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City Council Sends A Message With Minimum Wage Increase

The City Council moments before voting on the Minimum Wage Ordinance. Photo by: Daniel Boothe
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2 minute read

Kansas City’s decision to raise the minimum wage is a bid by council members to take a stand for low-income working Kansas Citians and to be “on the right side of history,” even as council members acknowledged the legal onslaught that may be in store.

In defiance of Missouri legislation banning cities from raising the minimum wage, Kansas City’s Council members Thursday afternoon passed a citywide ordinance that would raise the city’s minimum wage, in gradual increments, to $13 an hour by 2020.

The city council voted by an overwhelming 12-1 in favor of the minimum wage increase, with Mayor Sly James casting the final vote.

James, prior to casting his vote, told council members that despite the probability of potential lawsuits, being vetoed by state government, and that passing the ordinance does not fix the problem of wage disparity, as mayor he felt it was the council’s moral responsibility to act.

“We have a moral obligation to the right thing, and we are doing the right thing,” he said.

“But that still has consequences,” he said, alluding to the probable legal battles the city will face in order to see the ordinance go into effect in August.

Supporters of the minimum wage increase erupted in cheers at Thursday’s council meeting when James cast his final vote and declared the ordinance had passed.

While seen as a huge victory for groups like Stand Up KC and Fight For 15, council members conceded that putting the ordinance into effect is just the beginning of an uphill climb.

Currently, Missouri HB 722 states that a “city within the state would have no power to institute its own ordinance on minimum wage.” The legislation goes into effect August 28th.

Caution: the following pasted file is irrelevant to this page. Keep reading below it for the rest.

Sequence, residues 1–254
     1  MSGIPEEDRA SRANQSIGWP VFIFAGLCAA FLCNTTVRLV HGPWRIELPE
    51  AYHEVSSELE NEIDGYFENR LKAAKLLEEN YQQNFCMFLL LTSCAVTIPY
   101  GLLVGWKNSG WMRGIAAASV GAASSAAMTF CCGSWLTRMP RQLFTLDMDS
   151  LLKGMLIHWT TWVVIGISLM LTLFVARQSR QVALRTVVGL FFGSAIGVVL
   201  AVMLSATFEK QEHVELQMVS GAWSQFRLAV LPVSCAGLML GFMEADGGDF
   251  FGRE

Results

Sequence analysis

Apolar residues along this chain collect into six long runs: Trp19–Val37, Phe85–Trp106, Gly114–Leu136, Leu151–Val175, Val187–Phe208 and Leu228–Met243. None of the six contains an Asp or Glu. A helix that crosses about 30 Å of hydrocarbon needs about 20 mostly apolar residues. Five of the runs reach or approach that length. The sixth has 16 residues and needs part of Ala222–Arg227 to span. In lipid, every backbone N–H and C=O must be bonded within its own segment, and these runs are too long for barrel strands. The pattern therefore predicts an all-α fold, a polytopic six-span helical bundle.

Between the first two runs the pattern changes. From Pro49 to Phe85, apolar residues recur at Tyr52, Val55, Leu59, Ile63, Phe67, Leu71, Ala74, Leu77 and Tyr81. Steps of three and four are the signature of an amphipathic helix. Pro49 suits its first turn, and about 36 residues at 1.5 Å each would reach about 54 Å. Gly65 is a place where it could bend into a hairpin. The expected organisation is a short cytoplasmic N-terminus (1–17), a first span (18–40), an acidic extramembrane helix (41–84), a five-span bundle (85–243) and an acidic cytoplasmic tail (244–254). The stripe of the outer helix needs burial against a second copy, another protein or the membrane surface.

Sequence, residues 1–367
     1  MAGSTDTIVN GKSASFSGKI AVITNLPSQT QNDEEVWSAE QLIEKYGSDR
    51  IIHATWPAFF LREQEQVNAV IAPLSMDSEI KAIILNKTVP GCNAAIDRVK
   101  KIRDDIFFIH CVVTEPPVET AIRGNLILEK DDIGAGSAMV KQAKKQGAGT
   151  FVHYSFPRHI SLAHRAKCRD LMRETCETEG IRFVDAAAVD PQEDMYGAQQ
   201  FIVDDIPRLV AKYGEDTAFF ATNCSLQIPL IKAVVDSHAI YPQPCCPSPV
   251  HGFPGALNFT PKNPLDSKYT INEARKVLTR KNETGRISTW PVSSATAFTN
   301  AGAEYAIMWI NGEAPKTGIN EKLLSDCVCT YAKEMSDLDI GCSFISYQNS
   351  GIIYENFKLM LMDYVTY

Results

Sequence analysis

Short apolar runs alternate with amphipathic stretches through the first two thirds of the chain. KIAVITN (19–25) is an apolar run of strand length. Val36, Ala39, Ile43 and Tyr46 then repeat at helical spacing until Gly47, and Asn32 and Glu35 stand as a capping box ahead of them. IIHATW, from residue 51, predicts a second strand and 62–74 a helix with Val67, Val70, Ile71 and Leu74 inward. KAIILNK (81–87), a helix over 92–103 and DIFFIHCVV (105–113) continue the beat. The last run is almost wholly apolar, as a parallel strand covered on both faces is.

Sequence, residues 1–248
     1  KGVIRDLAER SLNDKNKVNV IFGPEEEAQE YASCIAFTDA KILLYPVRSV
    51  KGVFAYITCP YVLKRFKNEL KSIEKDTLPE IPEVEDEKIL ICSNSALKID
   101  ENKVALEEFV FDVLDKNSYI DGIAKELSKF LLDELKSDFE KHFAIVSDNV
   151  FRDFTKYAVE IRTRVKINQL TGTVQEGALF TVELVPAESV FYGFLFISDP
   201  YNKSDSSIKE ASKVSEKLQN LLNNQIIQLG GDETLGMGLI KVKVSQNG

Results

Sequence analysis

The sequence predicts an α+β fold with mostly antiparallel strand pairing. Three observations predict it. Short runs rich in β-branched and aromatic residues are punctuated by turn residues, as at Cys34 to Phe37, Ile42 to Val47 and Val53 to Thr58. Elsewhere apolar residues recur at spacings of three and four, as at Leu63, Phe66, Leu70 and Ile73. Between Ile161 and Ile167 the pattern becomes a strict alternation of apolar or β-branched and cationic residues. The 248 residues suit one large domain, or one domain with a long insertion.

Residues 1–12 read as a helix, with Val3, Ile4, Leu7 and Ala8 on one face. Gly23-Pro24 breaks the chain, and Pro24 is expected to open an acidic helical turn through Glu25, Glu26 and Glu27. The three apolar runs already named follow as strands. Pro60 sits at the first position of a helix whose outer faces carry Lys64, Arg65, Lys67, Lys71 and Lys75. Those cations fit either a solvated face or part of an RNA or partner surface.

Councilman Ed Ford, the only member of the council to vote no, said his concern with passing the ordinance was the possibility it would be overturned.

“I don’t want to give all of these people out here false hope,” Ford said, just before the vote took place.

He also warned that if the ordinance was passed, the city council had better be ready for a tough fight.

“We, the city council, will bear the brunt of all lawsuits and legal shenanigans,” he said.

However, many council members argued that regardless of what the future may hold for the measure, it is important to make a statement that Kansas City is on the right side of history.

Councilman Scott Wagner said despite the fact the council likely will be sued, it was important to symbolically “take a stand.”

“Is this one of those times we make a statement?” he said. “I believe it is.”

Mayor James agreed. He said passing the ordinance was more about sending a message to legislators in Jefferson City, and to show support to minimum wage earners.

“A city divided can not stand,” James said. “We are one city, we are Kansas City,” he said.

“Why are we doing this? Because we have a moral obligation to do so,” he said.

Under the ordinance, the minimum wage will increase gradually to $13 per hour, starting with $8.50 in August, $9.82 in 2017, 10.96 in 2018, $11.98 in 2019, and finally $13 per hour in 2020.

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